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PJE, I Have Little Time For What I Don't Prefer

Phillip J. Eby, I have a lot of respect for a lot of the things you right, including most of your recent posts. Dimwits refuse to learn, assholes yell at you for suggesting it, and good developers can acknowledge and embrace their faults and ignorance. No matter how much I learn I never want to think I have nothing left worth learning.

There are a lot of technologies and solutions I do not use. I'm sure all of them have their good points and their bad points, Zope included. However, I probably won't ever get to know much or anything about them. The time to familiarize myself in any valuable degree with Zope, Django, Turbogears, and mod_python is simply more than I have after using the solutions I actually apply to real usage.

Besides the things I can't find time to learn, even if I know they probably have really interesting aspects, there are definitely things I just won't learn or won't learn any more of. PHP is a good example, and many people know just how I feel about that. Yes, I might fit some of the descriptions PJE defined for people he would not hire. Asked about my worst experiences, I would likely bring up PHP and I don't believe I could have anything good to say about it. Is that ignorant of me, or is it just that bad? Maybe I just saw the limitations and before I learned real merits of the system, I moved on. Regardless, I've not locked myself into having no good answer for the interview question!

Never stop learning is a great rule to live by, but it doesn't mean you can't stop learning about particular things you deem invaluable to your precious time.

Comments

Florian said…
Yeah I guess I fall right off the PJE job grid for denying Zope too.

Though I've seen one woman who hated zope and left her job because of it and it's community. Then I was hired to hate the same job until I replaced Zope by something reliable, flexible and enjoyable.

We are passionate because we care. We care about our time and that of others. That is why those who have learned their lesson and did not stop caring like PJE voice their opinion in a clear and understandable way.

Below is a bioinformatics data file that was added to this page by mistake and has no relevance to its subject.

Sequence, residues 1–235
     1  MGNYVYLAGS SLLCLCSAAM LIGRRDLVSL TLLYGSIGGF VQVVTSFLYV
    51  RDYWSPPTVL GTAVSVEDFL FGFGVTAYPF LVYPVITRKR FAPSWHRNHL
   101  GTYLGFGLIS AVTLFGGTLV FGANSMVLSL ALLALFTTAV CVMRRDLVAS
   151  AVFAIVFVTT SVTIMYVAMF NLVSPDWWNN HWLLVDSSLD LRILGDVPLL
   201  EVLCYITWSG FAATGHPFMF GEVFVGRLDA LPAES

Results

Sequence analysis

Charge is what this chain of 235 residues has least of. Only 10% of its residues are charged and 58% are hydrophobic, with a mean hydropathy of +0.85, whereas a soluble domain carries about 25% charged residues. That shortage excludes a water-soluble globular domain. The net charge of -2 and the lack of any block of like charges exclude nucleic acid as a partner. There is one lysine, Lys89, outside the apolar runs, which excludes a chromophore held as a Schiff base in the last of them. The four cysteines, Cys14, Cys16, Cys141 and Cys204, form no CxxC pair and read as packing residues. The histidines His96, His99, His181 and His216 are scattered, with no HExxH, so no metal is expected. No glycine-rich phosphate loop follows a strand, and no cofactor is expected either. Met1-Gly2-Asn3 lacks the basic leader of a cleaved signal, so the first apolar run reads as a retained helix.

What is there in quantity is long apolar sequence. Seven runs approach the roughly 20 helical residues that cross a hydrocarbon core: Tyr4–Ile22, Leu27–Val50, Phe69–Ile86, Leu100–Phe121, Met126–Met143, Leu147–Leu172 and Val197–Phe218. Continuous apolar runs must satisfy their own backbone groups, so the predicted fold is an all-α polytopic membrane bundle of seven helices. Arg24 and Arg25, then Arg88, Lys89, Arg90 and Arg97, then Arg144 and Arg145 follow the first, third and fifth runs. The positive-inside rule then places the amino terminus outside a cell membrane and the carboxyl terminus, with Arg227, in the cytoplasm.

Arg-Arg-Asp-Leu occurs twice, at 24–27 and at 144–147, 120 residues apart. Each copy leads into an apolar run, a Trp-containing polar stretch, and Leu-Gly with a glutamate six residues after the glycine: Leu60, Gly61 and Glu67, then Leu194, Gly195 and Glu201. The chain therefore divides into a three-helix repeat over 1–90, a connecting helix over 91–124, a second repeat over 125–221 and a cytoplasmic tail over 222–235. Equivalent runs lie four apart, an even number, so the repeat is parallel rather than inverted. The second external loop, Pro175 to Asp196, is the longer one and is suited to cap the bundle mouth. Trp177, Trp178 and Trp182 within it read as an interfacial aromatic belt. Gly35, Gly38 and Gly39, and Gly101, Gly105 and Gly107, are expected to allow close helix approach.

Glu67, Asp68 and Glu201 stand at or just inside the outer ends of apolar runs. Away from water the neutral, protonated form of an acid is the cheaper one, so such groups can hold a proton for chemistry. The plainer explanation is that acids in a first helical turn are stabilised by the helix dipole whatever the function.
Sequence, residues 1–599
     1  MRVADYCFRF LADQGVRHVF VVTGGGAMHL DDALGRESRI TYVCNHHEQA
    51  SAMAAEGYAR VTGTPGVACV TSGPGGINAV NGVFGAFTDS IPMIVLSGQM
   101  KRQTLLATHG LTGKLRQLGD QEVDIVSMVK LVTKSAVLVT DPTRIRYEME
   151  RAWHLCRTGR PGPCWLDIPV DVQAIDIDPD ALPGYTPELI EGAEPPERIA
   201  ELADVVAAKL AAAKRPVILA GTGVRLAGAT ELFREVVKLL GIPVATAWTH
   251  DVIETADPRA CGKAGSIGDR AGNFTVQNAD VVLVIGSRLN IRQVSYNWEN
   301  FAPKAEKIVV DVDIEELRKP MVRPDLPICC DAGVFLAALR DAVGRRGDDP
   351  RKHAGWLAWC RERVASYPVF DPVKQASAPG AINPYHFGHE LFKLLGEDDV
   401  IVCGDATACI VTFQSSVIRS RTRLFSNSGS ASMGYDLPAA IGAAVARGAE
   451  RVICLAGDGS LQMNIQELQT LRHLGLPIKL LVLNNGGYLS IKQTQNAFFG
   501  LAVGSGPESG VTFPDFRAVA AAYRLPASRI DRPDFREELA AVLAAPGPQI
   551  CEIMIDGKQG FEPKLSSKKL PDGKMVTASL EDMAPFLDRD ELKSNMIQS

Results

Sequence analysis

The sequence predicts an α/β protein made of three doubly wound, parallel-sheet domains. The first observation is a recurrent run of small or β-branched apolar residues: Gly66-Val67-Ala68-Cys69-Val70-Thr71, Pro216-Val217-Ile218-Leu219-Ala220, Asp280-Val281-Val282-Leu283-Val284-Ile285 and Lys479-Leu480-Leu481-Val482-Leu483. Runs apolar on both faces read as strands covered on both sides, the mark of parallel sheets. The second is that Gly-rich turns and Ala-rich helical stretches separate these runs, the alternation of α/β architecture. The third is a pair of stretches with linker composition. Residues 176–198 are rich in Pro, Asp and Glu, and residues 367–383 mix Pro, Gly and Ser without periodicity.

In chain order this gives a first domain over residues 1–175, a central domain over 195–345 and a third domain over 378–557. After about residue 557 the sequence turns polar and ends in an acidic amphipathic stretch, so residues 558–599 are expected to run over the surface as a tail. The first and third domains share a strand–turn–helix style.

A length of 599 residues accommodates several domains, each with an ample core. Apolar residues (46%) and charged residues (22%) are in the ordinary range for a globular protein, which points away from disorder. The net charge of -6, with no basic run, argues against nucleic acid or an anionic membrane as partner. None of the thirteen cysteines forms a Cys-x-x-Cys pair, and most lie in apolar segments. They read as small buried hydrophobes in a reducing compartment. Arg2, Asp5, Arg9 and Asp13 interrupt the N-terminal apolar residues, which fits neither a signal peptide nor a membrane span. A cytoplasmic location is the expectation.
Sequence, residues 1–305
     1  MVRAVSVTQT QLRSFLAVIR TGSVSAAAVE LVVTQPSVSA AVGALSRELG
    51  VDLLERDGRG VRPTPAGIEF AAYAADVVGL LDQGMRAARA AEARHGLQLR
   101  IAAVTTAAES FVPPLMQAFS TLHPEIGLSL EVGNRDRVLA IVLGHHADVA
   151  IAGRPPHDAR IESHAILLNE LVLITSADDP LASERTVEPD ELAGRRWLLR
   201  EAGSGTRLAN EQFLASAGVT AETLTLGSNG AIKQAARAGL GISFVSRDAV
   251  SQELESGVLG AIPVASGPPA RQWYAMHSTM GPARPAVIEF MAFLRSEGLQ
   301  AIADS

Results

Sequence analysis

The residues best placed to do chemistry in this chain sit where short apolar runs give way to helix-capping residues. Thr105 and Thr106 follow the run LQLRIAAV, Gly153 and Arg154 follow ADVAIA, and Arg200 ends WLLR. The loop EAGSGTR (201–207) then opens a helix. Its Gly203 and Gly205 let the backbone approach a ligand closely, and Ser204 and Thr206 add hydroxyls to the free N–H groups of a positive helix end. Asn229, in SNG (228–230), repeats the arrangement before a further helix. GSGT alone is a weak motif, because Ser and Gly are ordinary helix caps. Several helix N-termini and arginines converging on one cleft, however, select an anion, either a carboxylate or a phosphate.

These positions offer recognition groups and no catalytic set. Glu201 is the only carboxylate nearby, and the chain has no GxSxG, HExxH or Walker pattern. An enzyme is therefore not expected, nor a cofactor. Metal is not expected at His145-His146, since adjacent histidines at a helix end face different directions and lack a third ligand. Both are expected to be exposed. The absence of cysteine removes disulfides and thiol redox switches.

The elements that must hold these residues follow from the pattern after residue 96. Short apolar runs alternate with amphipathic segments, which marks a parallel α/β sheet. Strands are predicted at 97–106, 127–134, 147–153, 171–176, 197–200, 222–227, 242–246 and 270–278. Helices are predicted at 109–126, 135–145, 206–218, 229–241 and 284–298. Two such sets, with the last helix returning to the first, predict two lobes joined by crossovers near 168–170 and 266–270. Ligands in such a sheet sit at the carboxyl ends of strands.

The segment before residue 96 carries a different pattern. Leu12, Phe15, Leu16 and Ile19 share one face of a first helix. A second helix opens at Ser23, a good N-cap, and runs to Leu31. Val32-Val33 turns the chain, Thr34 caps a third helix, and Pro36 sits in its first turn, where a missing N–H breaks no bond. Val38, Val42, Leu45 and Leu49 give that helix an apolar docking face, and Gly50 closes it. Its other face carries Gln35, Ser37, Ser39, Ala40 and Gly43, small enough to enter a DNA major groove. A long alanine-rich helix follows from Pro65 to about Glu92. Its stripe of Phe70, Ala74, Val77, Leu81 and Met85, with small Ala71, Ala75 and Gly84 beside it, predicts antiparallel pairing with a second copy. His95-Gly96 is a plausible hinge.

PJE said…
PHP has some important strengths as a platform; you don't have to *know the language* to know that:

1. It's widely available and rapidly deployable

2. It has a very low barrier to entry for low-skill personnel

3. There's a large amount of already-written software in it.

Does that mean I want to program in PHP? Not if I can help it, no. The shortcomings (including massive security holes) are well and widely known.

But my wife's store's website uses osCommerce, which is one of the easiest to install and use, most comprehensive low-end open source ecommerce website packages out there. It's written in PHP.

One of *my* business sites also uses Plone, even though I don't particularly like it. I use what gets the overall job done economically, not what I'd like to use if I had time to write the whole thing from scratch in an "ideal" way. Plone won out over a variety of PHP solutions I evaluated, in part for UI reasons and in part because I figured I had a better chance of being able to hack it into shape if I needed to. But there were a *lot* of PHP contenders that outclassed Plone in relevent raw feature counts.

Anyway, yeah, if somebody couldn't name or think up on the spot at least one of the PHP strengths above, they probably wouldn't have been qualified to work for me. It doesn't take a lot of imagination to come up with those, only the lack of bias.

As for Florian's suggestion that I have "stop[ped] caring", I would have to say that I prefer to focus my passion in *positive* directions. Focusing on the negative is what really wastes time and lives. I stopped developing with Zope many years ago; I don't feel a need to carry grudges about its shortcomings indefinitely.

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